When he debuted with the ’Stros in 2016, Reed seemed quite likely to hit in the majors. After all, he mashed at every level on his way there. The real question was whether he’d do so enough to be a highly valuable player, given his limitations on the field (first base only) and on the bases.
As it turns out, there was a bigger problem lurking. Reed’s strikeout rate had ticked up a bit at Triple-A in 2016. It exploded in the majors. As it turned out, he’d end up taking 199 total plate appearances at the game’s highest level, carrying a 14.2% swinging-strike rate and 35.7% strikeout rate. Reed’s power stroke never played, either. All told, his career batting line sits at an awful .149/.241/.234.
The Astros gave Reed lengthy stints at Triple-A in hopes he’d find his groove. While he was still an above-average hitter there in 2017 and 2018, the trajectory didn’t trend back up. Per Rome, “his weight and conditioning were often problems.” The Houston ultimately gave up hope last year after watching Reed struggle at the highest level of the minors.
Reed landed with the White Sox on a waiver claim, with the rebuilding organization hoping a change of scenery might help. Instead, he struck out in more than four of every ten plate appearances he took at the MLB and Triple-A levels. Reed was outrighted from the 40-man roster in August.
Despite the obvious difficulties, it remains a bit surprising to see Reed hang up his spikes at just 26 years of age. No doubt some organization would’ve been willing to invest resources in hopes of spurring a turnaround. Then again, it’s understandable that Reed would prefer to move on after experiencing such a frustrating turn of fortunes. MLBTR wishes him the best in his future pursuits.
- Astros ace and reigning AL Cy Young winner Justin Verlander seems to be making progress in his recovery from the right groin surgery he underwent on March 17. General manager James Click told Brian McTaggart of MLB.com: “The last I heard, everything’s going great and he’s ready to get back out there as soon as he possibly can. I haven’t heard anything bad. As far as I know, he’s right on schedule and he’s recovering very well.” That’s reassuring for the Astros, who – if there is a season – will count on Verlander and Zack Greinke to carry a rotation that lost Gerrit Cole and Wade Miley in free agency.
What was supposed to be Opening Day across baseball may as well have been called Optioning Day. As seen on this site, several teams cut down their rosters Thursday. Here are several that we haven’t covered yet:
- The Red Sox made their minor league signing of utilityman Yairo Munoz official, assigning him to Triple-A Pawtucket, and sent down pitchers Colten Brewer, Chris Mazza, Matt Hall and Jeffrey Springs. Brewer’s the most notable name among the pitchers. The 27-year-old ranked fifth among Red Sox relievers last season in innings (54 2/3). Brewer recorded a passable 4.12 ERA with 8.56 K/9 and a 50.3 percent groundball rate along the way, but he also walked 5.6 batters per nine.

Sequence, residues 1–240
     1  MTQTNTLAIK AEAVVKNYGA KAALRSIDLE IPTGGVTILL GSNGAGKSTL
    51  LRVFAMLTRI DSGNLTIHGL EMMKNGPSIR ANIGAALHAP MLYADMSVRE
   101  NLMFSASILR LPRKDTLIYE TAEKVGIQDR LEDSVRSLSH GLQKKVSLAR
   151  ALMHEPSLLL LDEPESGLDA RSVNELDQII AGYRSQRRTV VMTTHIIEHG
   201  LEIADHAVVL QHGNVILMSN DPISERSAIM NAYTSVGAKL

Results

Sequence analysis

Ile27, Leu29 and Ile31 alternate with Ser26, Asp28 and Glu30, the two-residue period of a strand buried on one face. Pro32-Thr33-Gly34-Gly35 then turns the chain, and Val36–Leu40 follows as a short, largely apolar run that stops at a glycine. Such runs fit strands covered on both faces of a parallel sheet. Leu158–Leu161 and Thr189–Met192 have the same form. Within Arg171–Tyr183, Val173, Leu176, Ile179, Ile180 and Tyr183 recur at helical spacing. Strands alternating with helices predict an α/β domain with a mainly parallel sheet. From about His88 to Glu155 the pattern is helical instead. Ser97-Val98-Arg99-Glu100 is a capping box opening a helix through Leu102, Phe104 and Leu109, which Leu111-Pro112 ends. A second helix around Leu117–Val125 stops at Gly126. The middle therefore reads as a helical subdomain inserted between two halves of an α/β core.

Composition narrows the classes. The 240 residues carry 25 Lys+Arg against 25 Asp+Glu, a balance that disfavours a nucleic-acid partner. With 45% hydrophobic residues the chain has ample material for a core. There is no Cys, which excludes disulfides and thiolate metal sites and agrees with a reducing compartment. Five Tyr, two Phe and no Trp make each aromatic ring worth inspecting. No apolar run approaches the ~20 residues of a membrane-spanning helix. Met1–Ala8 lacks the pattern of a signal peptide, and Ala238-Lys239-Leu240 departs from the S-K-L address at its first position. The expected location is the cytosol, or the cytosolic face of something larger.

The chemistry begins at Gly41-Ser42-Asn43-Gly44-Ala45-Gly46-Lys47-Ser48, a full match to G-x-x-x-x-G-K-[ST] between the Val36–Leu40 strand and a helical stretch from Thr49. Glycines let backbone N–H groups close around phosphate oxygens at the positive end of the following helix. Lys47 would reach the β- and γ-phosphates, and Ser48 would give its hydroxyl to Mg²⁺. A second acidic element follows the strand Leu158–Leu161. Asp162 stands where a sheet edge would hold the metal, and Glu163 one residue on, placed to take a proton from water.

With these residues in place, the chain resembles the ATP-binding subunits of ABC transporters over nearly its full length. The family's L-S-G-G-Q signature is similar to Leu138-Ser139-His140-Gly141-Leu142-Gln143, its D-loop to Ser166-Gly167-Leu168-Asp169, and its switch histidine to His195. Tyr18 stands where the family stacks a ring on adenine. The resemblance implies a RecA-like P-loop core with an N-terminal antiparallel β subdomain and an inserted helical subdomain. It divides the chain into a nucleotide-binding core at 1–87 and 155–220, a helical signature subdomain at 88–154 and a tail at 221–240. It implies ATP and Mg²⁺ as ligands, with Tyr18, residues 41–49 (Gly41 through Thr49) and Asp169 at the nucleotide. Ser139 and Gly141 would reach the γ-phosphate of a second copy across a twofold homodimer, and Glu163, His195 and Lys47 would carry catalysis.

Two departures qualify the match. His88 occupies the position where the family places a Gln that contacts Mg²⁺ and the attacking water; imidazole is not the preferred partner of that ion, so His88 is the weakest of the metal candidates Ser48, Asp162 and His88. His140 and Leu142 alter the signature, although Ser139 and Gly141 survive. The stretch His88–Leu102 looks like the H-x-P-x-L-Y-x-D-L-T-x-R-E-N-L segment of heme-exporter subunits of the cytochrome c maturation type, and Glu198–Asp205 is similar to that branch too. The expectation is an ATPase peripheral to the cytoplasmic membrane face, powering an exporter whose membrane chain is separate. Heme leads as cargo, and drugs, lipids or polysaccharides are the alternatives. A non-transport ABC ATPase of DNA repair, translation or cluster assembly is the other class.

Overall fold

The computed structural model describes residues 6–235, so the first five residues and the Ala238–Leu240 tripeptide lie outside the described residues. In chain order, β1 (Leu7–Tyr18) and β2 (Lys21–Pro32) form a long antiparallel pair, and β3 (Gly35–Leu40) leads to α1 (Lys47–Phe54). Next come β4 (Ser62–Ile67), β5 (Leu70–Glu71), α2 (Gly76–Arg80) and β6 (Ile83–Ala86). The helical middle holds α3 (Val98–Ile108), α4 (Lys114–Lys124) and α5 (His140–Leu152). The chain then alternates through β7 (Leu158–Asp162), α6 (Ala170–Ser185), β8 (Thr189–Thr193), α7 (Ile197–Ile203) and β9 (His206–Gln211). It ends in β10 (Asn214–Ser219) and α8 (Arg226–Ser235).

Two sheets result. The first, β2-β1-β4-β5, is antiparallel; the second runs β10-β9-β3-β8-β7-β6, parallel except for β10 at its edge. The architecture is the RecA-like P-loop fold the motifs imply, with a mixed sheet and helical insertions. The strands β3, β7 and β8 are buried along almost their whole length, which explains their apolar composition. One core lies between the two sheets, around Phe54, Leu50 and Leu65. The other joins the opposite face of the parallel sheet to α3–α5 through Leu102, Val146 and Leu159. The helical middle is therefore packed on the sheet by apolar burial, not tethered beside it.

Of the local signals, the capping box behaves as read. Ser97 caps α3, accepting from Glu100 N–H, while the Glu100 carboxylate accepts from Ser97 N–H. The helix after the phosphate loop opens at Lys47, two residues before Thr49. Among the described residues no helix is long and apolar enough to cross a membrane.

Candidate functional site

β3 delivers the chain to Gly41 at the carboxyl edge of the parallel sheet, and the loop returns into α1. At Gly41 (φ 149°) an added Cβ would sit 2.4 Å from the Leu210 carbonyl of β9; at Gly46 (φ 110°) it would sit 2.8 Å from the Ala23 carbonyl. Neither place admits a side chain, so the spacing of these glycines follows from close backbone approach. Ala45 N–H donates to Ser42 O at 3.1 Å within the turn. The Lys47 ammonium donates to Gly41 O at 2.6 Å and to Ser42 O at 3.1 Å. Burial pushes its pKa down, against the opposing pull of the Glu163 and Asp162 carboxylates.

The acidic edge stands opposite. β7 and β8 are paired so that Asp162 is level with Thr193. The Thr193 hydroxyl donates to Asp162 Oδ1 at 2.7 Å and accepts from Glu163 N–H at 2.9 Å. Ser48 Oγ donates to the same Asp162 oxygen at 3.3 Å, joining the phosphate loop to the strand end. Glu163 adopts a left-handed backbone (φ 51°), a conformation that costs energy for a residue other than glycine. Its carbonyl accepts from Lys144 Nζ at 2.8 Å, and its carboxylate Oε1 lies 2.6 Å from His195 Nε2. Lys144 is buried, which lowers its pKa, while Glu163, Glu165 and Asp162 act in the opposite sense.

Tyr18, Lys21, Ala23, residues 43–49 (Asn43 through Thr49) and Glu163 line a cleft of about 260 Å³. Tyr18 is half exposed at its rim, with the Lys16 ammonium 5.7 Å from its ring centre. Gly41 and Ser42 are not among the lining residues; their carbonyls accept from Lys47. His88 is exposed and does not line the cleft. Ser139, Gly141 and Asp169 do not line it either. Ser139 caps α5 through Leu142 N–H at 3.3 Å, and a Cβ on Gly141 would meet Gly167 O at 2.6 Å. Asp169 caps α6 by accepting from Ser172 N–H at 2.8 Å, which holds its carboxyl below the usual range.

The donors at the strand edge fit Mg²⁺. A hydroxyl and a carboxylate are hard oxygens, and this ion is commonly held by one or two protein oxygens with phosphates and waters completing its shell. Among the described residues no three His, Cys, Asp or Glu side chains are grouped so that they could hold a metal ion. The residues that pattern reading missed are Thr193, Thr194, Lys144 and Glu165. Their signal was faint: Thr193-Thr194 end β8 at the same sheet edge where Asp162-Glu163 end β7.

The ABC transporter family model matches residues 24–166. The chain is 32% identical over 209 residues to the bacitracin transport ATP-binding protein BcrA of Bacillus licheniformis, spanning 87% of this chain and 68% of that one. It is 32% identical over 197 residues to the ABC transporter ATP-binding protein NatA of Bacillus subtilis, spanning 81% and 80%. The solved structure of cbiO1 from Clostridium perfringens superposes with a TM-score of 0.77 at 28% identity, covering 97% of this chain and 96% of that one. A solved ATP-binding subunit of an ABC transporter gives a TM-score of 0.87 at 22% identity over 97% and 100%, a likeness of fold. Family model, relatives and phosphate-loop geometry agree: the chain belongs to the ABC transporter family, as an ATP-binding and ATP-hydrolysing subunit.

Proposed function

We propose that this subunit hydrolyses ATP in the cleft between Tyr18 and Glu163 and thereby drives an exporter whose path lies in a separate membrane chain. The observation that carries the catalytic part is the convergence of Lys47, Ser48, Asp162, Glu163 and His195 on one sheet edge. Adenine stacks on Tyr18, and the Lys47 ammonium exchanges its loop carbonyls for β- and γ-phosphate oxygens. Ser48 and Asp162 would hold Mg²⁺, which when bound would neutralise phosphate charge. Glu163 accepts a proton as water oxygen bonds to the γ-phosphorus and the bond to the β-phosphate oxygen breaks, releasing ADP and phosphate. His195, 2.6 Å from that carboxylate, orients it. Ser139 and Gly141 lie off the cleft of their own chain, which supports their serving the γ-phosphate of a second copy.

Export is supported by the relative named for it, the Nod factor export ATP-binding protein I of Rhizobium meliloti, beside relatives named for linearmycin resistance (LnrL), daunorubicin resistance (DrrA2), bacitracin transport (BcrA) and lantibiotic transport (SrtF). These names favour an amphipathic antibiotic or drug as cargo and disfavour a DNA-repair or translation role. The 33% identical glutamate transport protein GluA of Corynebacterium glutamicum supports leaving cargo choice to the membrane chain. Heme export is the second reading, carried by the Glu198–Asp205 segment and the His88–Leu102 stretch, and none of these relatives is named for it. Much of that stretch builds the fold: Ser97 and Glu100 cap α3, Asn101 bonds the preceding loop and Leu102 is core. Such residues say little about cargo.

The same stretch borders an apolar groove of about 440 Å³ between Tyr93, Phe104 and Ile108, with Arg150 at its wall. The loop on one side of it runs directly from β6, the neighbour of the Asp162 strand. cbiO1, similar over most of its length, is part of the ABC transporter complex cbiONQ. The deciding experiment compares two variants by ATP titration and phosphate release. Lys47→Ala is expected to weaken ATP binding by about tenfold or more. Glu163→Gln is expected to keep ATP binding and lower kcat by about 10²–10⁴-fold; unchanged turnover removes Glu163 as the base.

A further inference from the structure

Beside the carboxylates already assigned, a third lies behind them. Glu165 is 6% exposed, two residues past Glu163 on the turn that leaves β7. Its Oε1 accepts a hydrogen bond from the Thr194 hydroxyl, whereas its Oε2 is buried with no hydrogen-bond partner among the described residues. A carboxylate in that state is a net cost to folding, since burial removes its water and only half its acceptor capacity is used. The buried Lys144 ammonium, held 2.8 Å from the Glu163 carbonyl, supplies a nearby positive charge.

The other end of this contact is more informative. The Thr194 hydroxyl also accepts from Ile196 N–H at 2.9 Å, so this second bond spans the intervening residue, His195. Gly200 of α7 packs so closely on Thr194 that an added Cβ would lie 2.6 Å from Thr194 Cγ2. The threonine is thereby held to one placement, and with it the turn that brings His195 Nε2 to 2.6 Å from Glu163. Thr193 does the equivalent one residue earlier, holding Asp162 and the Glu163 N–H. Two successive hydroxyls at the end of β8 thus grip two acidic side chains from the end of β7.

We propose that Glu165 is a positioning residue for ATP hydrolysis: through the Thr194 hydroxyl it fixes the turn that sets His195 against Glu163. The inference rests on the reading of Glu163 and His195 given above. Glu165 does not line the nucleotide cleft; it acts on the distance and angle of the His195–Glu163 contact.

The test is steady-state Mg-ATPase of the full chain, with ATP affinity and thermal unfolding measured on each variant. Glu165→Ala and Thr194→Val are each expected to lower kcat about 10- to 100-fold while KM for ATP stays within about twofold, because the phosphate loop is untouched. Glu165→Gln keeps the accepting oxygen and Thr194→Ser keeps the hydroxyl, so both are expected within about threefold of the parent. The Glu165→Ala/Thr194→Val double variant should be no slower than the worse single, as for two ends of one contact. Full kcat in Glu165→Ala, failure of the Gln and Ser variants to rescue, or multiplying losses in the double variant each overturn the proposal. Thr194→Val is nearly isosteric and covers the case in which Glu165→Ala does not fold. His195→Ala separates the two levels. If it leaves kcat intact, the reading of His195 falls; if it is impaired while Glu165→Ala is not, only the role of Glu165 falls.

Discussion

- The Twins optioned right-handed reliever Sean Poppen and outfielder LaMonte Wade Jr., Betsy Helfand of the St. Paul Pioneer Press tweets. Poppen had a rough 8 1/3-inning major league debut last year, but he logged solid production as a member of Triple-A Rochester, with which he pitched to a 3.84 ERA, struck out just over 10 hitters per nine and induced grounders at a 57 percent clip. The disciplined Wade impressively drew more walks than strikeouts at both the Triple-A and big league levels last season, though low batting averages and a lack of power limited his impact.
- The Astros optioned infielder Jack Mayfield, catcher Garrett Stubbs and lefty Blake Taylor to Triple-A Round Rock, according to Chandler Rome of the Houston Chronicle. Mayfield and Stubbs posted subpar production last year during their MLB debuts, though they only combined for 104 plate appearances. Taylor, 24, spent most of 2019 as a member of the Mets’ Double-A affiliate, with whom he managed an excellent 1.85 ERA with 10.38 K/9, 2.77 BB/9 and a 50.5 percent GB rate in 39 innings. He joined the Astros in the package they received for outfielder Jake Marisnick over the winter.
- The Rangers sent down southpaw Taylor Hearn and outfielder Scott Heineman. The 25-year-old Hearn endured an injury-limited 2019, but he was seen as one of the Rangers’ top pitching prospects before then. While Heineman raked in Triple-A ball (.340/.412/.553 in 182 plate appearances), he slumped to a .213/.306/.373 line in 85 PA with the Rangers.
- The Cubs optioned hard-throwing reliever Dillon Maples to Triple-A Iowa, according to Mark Gonzales of the Chicago Tribune. Despite great strikeout totals, the 27-year-old righty has gotten knocked around to the tune of an 8.06 ERA in 22 1/3 frames as a Cub since 2017. Walks have been a major problem for Maples, who has doled out almost 8.5 free passes per nine in the bigs. He wasn’t much better in that department in Triple-A last year, when he walked more than 7.5 hitters per nine. Nevertheless, thanks in large part to a whopping 16.53 K/9 and a tremendous GB percentage of 62.1, Maples pitched to a respectable 3.77 ERA in 43 innings.